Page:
Books with a twist!

This is a short list of books I read in 2022 that each had a twist or two at the end that caught me off guard. I love when a book can make me audibly gasp, and these books did just that. Don’t worry! I won’t spoil the twists for you. I’m just going to give a brief synopsis, talk about any themes I picked up on, and simply talk a bit about why I loved each of these books. I hope you’ll give them a try if you haven’t already!

The Children on the Hill by Jennifer McMahon is a story told in two parts, swapping from one timeline to another throughout the book. We have the story of Violet and Eric who live with their grandma just up the hill from the psychiatric hospital their Gran runs. One day, Gran brings home a girl, Iris, and tells Vi and Eric that she will be staying with them from now on. Violet takes Iris under her wing and promises to find out about Iris’s past since Iris can’t remember a thing. But when keeping her promise begins reveals dark secrets, everything changes. The second part of the story is about Lizzy, a marginally famous monster hunter. But Lizzy isn’t her real name, and she’s searching for more than Bigfoot. She’s searching for her sister. Her sister, the monster who has been stealing girls who won’t be looked for, who will be written off as runaways. But Lizzy knows better, because she remembers the monster hunting club of their youth. She remembers how they were obsessed with monsters, and how they found out the truth about her sister. Now, she is determined to find her and stop her.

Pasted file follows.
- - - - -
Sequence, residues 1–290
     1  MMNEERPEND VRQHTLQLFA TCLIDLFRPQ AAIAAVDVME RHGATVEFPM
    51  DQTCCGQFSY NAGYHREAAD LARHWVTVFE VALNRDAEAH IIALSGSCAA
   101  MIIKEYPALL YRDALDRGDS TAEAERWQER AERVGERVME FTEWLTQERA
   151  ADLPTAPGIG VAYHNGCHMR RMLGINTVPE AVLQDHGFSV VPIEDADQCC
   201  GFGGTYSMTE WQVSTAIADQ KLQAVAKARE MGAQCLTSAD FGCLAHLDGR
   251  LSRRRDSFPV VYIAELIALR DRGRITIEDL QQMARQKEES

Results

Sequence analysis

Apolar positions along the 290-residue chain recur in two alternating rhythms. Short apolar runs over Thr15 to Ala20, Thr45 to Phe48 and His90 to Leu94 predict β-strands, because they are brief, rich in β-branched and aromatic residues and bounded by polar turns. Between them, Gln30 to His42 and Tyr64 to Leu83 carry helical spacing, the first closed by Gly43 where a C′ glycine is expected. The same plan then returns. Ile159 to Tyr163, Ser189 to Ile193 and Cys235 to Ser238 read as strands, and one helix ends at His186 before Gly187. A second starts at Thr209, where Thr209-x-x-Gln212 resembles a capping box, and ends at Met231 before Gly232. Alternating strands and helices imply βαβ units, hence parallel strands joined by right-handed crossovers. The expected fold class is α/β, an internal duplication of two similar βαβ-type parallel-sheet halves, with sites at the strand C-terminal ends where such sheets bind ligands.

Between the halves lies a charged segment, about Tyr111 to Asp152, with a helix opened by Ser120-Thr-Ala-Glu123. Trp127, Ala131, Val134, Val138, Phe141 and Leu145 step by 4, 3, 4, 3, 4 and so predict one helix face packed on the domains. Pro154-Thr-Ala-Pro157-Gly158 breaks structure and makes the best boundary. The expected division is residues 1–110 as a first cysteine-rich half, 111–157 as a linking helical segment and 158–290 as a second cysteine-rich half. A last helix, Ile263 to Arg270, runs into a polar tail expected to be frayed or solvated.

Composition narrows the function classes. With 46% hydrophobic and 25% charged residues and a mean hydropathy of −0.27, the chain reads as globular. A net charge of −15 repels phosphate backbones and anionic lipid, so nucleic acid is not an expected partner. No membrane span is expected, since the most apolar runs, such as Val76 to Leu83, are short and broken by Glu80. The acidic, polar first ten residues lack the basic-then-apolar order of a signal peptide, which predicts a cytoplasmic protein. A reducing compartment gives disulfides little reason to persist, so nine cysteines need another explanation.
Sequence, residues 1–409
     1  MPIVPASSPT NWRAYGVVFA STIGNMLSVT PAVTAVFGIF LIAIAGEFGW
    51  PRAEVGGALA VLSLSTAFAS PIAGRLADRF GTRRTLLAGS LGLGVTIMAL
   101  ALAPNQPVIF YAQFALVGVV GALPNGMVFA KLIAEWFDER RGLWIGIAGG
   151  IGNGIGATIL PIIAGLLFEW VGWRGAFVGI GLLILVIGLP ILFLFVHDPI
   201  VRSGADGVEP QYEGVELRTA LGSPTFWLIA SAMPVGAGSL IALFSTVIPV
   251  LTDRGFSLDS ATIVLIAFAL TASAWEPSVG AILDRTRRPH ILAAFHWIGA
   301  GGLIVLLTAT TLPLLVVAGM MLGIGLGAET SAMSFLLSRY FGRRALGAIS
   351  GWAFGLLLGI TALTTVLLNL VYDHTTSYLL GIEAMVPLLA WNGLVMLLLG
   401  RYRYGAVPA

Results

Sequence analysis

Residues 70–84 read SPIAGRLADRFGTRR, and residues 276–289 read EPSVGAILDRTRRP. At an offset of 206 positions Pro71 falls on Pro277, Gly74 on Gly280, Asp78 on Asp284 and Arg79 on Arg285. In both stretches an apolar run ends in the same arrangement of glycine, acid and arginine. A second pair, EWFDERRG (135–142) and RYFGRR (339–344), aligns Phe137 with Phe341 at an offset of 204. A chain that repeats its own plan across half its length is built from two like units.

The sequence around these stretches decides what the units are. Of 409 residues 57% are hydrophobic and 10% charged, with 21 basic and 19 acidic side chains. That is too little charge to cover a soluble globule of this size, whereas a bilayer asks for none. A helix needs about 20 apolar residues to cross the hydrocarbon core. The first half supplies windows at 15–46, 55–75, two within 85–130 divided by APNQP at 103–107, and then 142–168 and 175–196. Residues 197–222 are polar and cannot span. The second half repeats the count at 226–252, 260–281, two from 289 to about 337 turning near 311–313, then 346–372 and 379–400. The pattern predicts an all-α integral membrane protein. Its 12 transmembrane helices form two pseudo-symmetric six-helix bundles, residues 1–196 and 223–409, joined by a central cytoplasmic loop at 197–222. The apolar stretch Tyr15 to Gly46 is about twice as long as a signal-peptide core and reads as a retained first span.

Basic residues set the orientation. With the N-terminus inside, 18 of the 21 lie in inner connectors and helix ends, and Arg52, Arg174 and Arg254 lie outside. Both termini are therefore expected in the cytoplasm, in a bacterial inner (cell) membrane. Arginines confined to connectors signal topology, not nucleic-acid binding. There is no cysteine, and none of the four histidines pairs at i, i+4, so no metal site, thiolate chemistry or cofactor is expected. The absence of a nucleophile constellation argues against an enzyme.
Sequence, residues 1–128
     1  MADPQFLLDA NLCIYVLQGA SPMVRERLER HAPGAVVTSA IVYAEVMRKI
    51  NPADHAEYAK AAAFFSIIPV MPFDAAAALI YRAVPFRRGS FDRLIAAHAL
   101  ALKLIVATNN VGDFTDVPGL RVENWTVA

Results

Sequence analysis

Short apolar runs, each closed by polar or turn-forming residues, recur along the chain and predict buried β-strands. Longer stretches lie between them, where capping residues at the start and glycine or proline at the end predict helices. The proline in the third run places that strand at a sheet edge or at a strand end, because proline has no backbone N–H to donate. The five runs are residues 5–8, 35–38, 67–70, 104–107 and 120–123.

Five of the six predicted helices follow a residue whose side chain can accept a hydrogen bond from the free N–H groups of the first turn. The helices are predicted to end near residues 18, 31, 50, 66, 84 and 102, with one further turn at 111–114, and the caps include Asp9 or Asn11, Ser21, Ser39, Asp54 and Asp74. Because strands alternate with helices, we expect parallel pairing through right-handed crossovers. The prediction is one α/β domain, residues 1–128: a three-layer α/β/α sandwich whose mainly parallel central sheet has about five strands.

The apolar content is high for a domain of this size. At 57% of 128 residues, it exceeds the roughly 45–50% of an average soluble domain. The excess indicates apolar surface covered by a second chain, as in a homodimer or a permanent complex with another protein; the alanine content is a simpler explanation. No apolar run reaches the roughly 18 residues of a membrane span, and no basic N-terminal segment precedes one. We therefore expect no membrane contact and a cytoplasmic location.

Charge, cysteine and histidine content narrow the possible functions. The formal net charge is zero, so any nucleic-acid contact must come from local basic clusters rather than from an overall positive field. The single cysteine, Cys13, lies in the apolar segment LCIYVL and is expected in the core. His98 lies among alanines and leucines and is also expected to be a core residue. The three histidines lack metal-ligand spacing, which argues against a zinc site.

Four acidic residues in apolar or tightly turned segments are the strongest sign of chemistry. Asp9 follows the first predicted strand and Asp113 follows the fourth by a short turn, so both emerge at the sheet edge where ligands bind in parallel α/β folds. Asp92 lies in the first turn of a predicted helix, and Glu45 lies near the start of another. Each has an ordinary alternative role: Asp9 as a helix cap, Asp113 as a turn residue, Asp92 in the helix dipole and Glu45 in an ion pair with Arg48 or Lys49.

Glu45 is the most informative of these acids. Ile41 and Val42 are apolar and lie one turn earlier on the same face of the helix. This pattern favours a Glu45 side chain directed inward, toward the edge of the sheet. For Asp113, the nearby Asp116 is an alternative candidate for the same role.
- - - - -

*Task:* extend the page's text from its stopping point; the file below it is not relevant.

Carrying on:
There were multiple twists in this book that all made my jaw drop. I suspected at least one of them before it was revealed, but it was twist after twist after twist as you get closer to the end. I enjoyed this one a lot! It reminded me of Frankenstein, which is mentioned several times in the book as well. Like Mary Shelley, Jennifer McMahon lead me to ask who the true monster is: the monster? or the one who makes the monster?

And the Trees Crept In by Dawn Kurtagich is a story of generational traumas and curses and ghosts from the past. Silla and Nori flee their abusive home and run to what they believe will be a safe haven in La Baume, the ancestral home where her mother grew up and where her aunt Catherine still lives. It does feel like a haven at first, but then her aunt goes mad just like Silla’s mother always told her she was. Then, the trees surrounding La Baume creep closer and closer every time Silla looks away from them. Then there’s the Creeper Man. The demon Aunt Cath claims stole away their youngest sister Anne so many years ago. Cath warns Silla that the Creeper Man is here, that he will take Nori, and that it is all Silla’s fault. But one good thing comes out of the woods. A beautiful boy who seems so familiar to Silla, but who she is very wary of and even more wary of the feelings he stirs inside her. Is he a savior? And if he is, can Silla allow herself to be saved?